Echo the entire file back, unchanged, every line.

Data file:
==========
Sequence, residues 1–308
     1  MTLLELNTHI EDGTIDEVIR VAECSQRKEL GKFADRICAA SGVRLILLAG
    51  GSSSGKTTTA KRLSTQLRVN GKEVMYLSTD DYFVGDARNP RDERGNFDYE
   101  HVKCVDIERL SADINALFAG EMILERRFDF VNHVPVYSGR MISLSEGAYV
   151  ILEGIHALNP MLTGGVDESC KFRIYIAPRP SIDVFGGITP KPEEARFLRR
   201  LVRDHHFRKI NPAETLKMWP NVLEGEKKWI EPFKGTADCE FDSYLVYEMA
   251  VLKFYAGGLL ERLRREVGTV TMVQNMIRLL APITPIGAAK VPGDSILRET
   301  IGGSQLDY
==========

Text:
Sequence, residues 1–308
     1  MTLLELNTHI EDGTIDEVIR VAECSQRKEL GKFADRICAA SGVRLILLAG
    51  GSSSGKTTTA KRLSTQLRVN GKEVMYLSTD DYFVGDARNP RDERGNFDYE
   101  HVKCVDIERL SADINALFAG EMILERRFDF VNHVPVYSGR MISLSEGAYV
   151  ILEGIHALNP MLTGGVDESC KFRIYIAPRP SIDVFGGITP KPEEARFLRR
   201  LVRDHHFRKI NPAETLKMWP NVLEGEKKWI EPFKGTADCE FDSYLVYEMA
   251  VLKFYAGGLL ERLRREVGTV TMVQNMIRLL APITPIGAAK VPGDSILRET
   301  IGGSQLDY